champagne anarchist | armchair activist

howTo

Adressen koppelen aan wijken of buurten

Het CBS heeft uitgebreide gegevens (selecteer thema Nederland regionaal) op wijk- en buurtniveau. Soms kan het handig zijn om adressen te koppelen aan de bijbehorende wijk of buurt. Daar komt wel wat bij kijken: adressen geocoden (of coördinaten opzoeken bij het Kadaster) en vervolgens die lokaties weer koppelen aan de shapefile van de Kernkaart wijken en buurten.

Maar dat kan nu ook sneller en simpeler. Het CBS heeft een tabel vrijgegeven waarin elke combinatie van postcode en huisnummer wordt gekoppeld aan de bijbehorende buurt en wijk.

Converting Election Markup Language (EML) to csv

Note that the map above isn’t really a good illustration here because I used a different data source to create it.

Getting results of Dutch elections at the municipality level can be complicated, but what if you want to dig a little deeper and look at results per polling station? Or even per candidate, per polling station? For elections since 2009, that information is available from the data portal of the Dutch government.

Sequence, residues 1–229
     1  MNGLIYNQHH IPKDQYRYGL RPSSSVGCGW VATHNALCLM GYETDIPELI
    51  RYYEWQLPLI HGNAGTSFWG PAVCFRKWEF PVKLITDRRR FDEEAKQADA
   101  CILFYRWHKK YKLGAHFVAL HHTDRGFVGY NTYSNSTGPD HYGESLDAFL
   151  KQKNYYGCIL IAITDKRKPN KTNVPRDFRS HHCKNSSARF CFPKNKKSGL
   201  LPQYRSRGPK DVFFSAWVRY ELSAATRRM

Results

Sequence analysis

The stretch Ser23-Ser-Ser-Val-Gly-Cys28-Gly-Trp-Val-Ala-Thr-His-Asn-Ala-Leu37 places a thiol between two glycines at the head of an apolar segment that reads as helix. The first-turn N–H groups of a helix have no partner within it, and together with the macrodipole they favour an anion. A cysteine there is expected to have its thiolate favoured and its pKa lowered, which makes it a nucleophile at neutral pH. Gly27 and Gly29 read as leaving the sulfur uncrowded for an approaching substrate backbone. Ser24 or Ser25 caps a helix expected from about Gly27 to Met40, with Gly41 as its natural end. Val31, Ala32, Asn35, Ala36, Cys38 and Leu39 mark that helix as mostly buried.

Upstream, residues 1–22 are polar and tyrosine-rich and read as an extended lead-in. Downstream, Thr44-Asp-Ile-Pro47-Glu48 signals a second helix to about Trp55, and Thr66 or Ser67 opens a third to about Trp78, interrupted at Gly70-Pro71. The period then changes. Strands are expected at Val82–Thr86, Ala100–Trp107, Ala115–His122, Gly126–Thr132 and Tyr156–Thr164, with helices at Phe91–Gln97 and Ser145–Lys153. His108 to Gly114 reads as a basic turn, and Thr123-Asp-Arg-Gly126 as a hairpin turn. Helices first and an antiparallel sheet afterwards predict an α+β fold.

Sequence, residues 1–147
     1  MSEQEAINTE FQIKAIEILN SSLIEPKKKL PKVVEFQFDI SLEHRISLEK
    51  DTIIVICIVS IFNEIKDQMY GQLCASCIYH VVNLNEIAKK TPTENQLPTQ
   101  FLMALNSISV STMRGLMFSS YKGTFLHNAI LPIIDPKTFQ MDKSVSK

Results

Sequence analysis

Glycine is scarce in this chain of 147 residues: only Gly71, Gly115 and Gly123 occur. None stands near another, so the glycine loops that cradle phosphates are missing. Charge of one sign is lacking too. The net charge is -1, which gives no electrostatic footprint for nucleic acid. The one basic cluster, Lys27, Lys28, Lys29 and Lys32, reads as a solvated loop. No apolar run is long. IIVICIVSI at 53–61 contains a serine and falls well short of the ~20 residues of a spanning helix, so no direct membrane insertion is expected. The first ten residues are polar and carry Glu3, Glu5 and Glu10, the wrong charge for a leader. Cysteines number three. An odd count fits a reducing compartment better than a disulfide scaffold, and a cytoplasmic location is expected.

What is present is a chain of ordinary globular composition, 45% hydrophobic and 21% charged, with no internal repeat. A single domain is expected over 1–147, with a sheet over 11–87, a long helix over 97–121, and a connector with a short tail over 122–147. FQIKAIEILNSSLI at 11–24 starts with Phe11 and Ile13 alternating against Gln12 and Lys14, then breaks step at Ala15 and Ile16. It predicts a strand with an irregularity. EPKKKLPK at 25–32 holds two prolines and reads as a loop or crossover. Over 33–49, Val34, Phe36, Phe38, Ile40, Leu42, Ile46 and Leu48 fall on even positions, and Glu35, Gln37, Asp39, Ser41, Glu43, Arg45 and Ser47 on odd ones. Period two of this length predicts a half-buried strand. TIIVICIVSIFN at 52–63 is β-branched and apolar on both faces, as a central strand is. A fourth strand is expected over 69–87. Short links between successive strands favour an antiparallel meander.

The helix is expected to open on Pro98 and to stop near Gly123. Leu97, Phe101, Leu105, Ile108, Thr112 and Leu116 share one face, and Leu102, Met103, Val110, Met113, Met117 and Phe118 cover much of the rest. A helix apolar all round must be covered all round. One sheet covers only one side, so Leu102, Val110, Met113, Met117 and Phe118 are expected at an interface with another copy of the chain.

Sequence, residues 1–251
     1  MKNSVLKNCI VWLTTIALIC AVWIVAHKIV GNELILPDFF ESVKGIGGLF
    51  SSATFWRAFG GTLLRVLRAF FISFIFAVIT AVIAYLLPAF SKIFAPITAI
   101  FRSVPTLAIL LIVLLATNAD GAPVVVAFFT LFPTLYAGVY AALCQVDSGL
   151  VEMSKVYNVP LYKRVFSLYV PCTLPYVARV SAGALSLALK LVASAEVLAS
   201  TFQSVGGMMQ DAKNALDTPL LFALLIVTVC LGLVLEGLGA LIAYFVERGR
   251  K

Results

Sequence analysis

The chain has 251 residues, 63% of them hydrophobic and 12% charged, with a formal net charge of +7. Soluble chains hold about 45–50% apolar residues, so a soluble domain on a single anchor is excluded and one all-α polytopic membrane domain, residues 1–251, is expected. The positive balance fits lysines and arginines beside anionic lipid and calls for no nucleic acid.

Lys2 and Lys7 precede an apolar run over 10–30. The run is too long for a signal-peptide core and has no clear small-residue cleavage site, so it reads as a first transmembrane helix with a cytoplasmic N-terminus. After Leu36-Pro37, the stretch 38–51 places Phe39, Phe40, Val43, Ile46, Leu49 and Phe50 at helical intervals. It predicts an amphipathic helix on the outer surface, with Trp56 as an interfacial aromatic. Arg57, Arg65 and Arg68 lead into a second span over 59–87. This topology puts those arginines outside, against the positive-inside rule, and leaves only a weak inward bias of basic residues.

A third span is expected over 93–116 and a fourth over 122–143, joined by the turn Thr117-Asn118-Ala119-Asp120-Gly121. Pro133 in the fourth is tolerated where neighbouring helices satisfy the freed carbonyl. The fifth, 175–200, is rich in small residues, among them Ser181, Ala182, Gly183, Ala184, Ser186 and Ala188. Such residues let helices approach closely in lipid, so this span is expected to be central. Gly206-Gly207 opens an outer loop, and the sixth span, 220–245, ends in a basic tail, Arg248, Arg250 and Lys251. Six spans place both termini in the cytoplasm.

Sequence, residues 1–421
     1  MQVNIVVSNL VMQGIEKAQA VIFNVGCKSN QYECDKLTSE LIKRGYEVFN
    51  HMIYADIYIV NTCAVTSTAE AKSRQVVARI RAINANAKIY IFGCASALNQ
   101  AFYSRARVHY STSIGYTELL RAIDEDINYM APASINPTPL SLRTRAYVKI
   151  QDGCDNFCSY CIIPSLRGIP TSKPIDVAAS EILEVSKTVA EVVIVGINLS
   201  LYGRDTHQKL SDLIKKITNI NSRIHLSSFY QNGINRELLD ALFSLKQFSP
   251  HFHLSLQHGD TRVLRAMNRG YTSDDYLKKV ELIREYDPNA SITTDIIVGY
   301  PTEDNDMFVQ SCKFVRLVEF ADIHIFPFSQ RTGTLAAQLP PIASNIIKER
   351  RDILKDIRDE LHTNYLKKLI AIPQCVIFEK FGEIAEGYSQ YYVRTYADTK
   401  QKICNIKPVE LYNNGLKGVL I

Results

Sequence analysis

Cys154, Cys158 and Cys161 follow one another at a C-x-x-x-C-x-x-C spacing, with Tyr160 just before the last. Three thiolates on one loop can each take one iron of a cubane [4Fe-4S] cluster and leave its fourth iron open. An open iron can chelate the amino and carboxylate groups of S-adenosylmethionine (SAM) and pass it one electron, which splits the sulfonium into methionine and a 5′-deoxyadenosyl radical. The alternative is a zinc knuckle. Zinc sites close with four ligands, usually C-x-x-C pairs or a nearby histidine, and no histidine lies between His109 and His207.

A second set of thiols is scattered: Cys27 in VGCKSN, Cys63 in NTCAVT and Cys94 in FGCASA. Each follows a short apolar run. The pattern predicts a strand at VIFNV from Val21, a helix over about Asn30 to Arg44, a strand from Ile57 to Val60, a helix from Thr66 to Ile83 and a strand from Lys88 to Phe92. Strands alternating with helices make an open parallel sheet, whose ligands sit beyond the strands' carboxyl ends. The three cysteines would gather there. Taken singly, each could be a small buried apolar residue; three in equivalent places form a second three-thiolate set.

Challenges

The data is in Election Markup Language, an international standard for election data. I didn’t know that format and processing the data posed a bit of a challenge. I couldn’t find a simple explanation of the data structure, and the Electoral Board states that it doesn’t provide support on the format.

For example, how do you connect a candidate ID to their name and other details? I think you need to identify the Kieskring (district) by the contest name of the results file. Then, find the candidate list for the Kieskring and look up the candidate’s details using their candidate ID and affiliation. But with municipal elections, you have to look up candidates in the city’s candidate list (which doesn’t seem to have a contest name).